It's basic math: parenthood is 90 per cent cutting your child's food into small pieces, and 10 per cent everything else.
Once you have a child who eats solid food, it can feel like all you do is cut up bananas, dice peaches, slice hot dogs, and otherwise scrutinize every source of food to determine whether it's a choking hazard.
Grapes are particularly pesky, because a) there are so many of them (no child requests just one grape), b) they're already smallish, so super annoying to cut, c) we've been told over and over again that they're dangerous, so you don't want to let even one whole grape slip through the cracks.
But if you've ever wondered whether your militant grape-slicing was based more on paranoia than actual risk, rest assured that you're not wasting your time quartering those slippery little suckers. A viral X-ray photo that's re-surfaced is once again reminding parents of their choking hazard.
The shocking photo, from Australian blogger Angela Henderson, shows a grape lodged in a five-year-old's airway. The little guy survived, but needed surgery to remove the grape.
"He is VERY lucky that part of his airway was open or else this could have ended badly. So please be mindful that not all kids chew their food, are in a rush at school to get in the playground etc.," Henderson wrote on her Facebook page last year.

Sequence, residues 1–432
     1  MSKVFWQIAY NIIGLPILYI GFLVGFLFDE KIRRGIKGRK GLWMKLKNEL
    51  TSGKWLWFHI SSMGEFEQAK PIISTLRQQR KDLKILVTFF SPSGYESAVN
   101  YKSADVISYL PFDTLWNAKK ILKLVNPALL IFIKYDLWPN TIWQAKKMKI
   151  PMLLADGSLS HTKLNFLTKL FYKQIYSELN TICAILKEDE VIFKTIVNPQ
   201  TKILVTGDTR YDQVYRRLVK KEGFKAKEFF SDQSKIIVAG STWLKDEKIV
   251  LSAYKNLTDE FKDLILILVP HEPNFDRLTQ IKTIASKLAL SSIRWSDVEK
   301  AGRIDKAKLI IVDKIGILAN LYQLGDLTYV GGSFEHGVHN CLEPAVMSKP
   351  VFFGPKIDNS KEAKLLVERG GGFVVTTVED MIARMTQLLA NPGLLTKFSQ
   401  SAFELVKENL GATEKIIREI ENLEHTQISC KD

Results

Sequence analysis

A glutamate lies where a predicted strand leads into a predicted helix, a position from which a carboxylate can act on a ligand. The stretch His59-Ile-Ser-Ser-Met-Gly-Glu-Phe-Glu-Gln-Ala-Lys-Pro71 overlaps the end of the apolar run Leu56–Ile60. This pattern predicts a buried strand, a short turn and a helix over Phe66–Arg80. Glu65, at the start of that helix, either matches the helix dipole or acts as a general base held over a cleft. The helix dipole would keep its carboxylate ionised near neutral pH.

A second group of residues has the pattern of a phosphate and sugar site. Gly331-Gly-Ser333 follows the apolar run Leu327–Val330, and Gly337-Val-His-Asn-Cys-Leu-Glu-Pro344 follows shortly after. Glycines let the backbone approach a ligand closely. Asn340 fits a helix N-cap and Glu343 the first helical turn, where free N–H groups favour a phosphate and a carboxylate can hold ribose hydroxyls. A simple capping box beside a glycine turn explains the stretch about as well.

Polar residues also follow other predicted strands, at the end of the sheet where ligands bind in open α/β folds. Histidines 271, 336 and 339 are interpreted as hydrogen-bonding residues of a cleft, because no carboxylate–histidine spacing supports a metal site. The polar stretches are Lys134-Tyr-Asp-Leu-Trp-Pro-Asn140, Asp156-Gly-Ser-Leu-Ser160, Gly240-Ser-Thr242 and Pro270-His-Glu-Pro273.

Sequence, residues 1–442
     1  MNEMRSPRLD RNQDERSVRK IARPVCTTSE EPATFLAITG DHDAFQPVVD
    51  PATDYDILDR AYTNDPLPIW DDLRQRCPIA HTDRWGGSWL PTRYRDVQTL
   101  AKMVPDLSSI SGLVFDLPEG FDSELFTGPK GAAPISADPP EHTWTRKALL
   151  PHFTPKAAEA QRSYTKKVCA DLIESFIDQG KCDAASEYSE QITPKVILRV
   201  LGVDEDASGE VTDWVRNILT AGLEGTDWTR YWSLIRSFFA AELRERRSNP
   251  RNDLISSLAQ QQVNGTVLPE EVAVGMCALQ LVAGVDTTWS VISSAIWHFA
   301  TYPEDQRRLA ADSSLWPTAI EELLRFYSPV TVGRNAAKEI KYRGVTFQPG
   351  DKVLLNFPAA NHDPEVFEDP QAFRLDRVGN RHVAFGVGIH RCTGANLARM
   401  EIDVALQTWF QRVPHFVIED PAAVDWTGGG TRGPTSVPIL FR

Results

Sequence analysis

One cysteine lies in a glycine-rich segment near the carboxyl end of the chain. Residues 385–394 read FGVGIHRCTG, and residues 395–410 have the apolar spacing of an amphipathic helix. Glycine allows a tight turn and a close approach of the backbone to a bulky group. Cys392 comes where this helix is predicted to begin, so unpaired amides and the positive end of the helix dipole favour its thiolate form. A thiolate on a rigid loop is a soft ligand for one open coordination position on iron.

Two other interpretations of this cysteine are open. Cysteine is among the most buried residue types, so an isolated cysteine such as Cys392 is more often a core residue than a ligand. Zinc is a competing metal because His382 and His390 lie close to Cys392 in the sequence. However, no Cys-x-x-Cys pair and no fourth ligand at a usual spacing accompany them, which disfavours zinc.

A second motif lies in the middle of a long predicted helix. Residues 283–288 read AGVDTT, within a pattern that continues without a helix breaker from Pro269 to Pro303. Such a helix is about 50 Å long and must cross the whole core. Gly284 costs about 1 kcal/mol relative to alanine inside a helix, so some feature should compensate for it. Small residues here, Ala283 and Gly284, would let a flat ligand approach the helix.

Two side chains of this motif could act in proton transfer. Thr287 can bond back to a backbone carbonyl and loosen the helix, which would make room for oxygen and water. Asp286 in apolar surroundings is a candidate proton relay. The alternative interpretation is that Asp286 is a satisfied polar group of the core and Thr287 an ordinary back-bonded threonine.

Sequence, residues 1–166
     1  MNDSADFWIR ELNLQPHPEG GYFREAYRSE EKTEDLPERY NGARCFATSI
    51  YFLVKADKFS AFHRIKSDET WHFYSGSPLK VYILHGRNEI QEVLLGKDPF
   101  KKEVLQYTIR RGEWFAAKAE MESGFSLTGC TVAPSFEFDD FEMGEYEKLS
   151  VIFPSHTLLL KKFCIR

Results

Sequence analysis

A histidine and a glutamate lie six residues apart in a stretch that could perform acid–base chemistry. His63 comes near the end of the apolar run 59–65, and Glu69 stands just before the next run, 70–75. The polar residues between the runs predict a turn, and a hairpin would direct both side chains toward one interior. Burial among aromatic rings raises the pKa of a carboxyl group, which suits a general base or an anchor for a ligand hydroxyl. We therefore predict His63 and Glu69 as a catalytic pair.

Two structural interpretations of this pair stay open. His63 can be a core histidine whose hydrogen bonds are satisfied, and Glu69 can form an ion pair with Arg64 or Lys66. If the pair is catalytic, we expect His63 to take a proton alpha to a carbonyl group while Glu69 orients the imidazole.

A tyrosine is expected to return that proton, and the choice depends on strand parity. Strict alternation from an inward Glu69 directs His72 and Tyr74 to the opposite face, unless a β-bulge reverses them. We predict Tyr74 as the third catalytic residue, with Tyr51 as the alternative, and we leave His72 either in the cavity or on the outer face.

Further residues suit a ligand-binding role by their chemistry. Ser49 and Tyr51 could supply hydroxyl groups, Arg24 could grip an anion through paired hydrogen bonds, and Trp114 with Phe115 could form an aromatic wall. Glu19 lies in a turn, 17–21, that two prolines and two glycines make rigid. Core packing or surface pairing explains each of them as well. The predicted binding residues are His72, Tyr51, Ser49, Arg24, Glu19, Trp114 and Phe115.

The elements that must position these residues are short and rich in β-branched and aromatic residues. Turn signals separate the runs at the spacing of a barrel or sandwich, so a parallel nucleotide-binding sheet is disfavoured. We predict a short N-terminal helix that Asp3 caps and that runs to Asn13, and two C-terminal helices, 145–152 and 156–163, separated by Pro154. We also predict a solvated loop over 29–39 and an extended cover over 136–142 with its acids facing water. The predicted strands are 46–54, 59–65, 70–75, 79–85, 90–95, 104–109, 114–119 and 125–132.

"Please be careful. And when in doubt just cut the damn grapes, baby tomatoes etc."
The issue with grapes is that they're almost the exact size and shape of a child's esophagus, so they can get lodged very easily, U.S. speech and feeding therapist Lupé Garcia told Romper on Thursday.
"Once a whole grape gets coated in saliva, they are extra slimy and slippery and it doesn't take a whole lot for them to get swallowed improperly," Garcia said.
"When you slice them into quarters, they aren't as hard, and aren't prone to occlude [obstruct] the airway."
Although the American Academy of Pediatrics recommends keeping whole grapes away from children under age four, Garcia said even older kids sometimes eat too quickly, and a parent should "watch their maturity and go from there."
Choking is one of the leading causes of unintentional injury deaths in infants and toddlers in Canada, according to the Canadian Paediatric Society (CPS). Most foods involved in choking cases are small, round, or cylindrical in shape, CPS noted. Hot dog rounds, whole grapes, carrot slices, peanuts, seeds and hard candy, are some of the worst offenders.
Grapes should be sliced lengthwise, CPS said.
"Every year in Canada, babies and children die from choking. Almost all of these deaths can be prevented," the Children's Hospital of Eastern Ontario (CHEO) said on its website. The hospital recommends cutting grapes and hot dogs lengthwise and into small pieces until a child is at least five years old.
A recent report about grapes in the medical journal BMJ pleaded for there to be more awareness of the choking hazards. Grapes are the third-most common cause of food-related choking deaths after hot dogs and candies, the authors noted.
Their report highlighted three cases of young children who choked on grapes. Two of them, age five and 17 months, died.